An interesting piece of research caught my eye this week - Dr Stephann Makri from the University College London is investigating the nature of serendipity in his project SerenA - chance encounters in the space of ideas. His plan is to collect people's stories of serendipity so his team can develop an app to help users prepare to recognise these chance moments and act on them.
Dr Makri is quoted in an article on this as explaining, "We analysed the patterns of people's serendipitous moments and found that three things need to happen. Firstly, there has to be unexpected circumstances, secondly an 'ah-ha' moment of realisation and finally, there needs to be a valuable outcome for you."
I like the idea that luck can be partially pre-engineered. The point that being more 'present' and observant of your environment so your chances of noticing and acting on serendipitous moments makes sense to me - many of the people I talk to who have made a life-changing (or even not so life-changing) career choice have done so after meeting a new contact or reading a chance article. On a rather more mundane level, with walking as my favoured London 'public' transport I make a conscious habit of taking different and new routes between places because I know it seems to get my brain working in a positive way.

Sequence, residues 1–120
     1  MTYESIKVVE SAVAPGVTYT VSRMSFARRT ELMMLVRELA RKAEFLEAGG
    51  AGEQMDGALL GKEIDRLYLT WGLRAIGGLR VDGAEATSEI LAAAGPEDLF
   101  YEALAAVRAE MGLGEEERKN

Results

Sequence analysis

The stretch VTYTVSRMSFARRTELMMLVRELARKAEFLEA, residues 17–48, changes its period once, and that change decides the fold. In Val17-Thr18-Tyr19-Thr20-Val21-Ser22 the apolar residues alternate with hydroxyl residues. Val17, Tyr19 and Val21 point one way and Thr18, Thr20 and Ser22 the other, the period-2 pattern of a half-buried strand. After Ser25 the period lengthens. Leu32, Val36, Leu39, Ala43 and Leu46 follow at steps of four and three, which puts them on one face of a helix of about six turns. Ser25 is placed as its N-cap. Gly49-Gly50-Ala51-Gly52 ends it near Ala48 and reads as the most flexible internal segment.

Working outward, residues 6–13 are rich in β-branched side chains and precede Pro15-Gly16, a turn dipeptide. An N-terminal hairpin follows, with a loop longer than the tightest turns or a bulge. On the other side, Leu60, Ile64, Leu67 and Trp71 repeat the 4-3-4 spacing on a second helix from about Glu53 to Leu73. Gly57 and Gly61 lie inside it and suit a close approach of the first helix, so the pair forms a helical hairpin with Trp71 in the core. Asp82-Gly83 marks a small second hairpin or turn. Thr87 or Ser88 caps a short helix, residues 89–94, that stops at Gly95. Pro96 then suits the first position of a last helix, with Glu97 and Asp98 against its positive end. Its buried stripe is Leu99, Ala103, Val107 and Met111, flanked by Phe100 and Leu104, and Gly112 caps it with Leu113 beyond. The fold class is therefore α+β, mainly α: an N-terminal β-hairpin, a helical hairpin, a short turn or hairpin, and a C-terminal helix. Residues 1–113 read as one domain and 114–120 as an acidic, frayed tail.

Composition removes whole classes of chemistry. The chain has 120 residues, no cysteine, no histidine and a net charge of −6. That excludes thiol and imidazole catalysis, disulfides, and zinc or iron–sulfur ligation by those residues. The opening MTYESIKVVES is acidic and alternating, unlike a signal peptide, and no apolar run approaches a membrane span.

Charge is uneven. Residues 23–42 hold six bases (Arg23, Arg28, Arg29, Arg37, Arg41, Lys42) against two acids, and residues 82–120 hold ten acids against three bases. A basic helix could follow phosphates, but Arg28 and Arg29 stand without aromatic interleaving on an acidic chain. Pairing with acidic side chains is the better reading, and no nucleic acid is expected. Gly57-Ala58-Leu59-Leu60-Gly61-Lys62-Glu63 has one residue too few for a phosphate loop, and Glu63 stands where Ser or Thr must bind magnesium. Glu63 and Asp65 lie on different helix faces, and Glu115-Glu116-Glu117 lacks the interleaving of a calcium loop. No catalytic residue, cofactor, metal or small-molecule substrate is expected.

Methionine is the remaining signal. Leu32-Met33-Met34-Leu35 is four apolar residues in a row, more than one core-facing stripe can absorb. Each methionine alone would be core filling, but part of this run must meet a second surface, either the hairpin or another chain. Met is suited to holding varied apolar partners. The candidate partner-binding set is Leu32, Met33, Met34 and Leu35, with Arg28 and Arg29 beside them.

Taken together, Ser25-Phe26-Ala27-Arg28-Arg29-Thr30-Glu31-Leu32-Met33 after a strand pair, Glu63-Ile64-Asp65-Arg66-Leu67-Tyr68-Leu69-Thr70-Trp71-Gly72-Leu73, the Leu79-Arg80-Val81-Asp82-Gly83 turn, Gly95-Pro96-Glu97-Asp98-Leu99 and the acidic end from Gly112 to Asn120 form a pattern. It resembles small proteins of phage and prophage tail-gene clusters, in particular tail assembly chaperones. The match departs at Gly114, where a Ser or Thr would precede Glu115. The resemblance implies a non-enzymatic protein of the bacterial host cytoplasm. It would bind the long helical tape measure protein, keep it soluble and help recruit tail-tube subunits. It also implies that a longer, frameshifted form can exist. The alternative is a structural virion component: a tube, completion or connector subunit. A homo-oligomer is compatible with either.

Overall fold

In the day to day grind, it's all too easy to become blinkered to new opportunities or to different ways of living or working. Though his research doesn't yet seem to validate my urban wandering, Dr Makri suggests mixing up our daily routines to help 'create our own luck' by attending new networking events or talks to broaden our career horizons. This struck a chord with me as I've been working with some expert speakers in setting up a series of free talks offering ideas and inspiration about life and work for busy lawyers - Life With Law. The events are designed to help lawyers unlock new ideas to help them manage their own lives or help their team manage theirs, so we have Nick Southgate delving into 'The surprising science of better decision making' while author of Brand You John Purkiss tackles 'Discovering the life that you want'.
Maybe these kind of talks could lead to some serendipitous moments for those who attend, or maybe the saying that 'you make your own luck' rings true for most of us. Either way, though I still need convincing that an app will provide my route to being 'present and mindful' I'm looking forward to stumbling across further news of the progression of Dr Makri's project.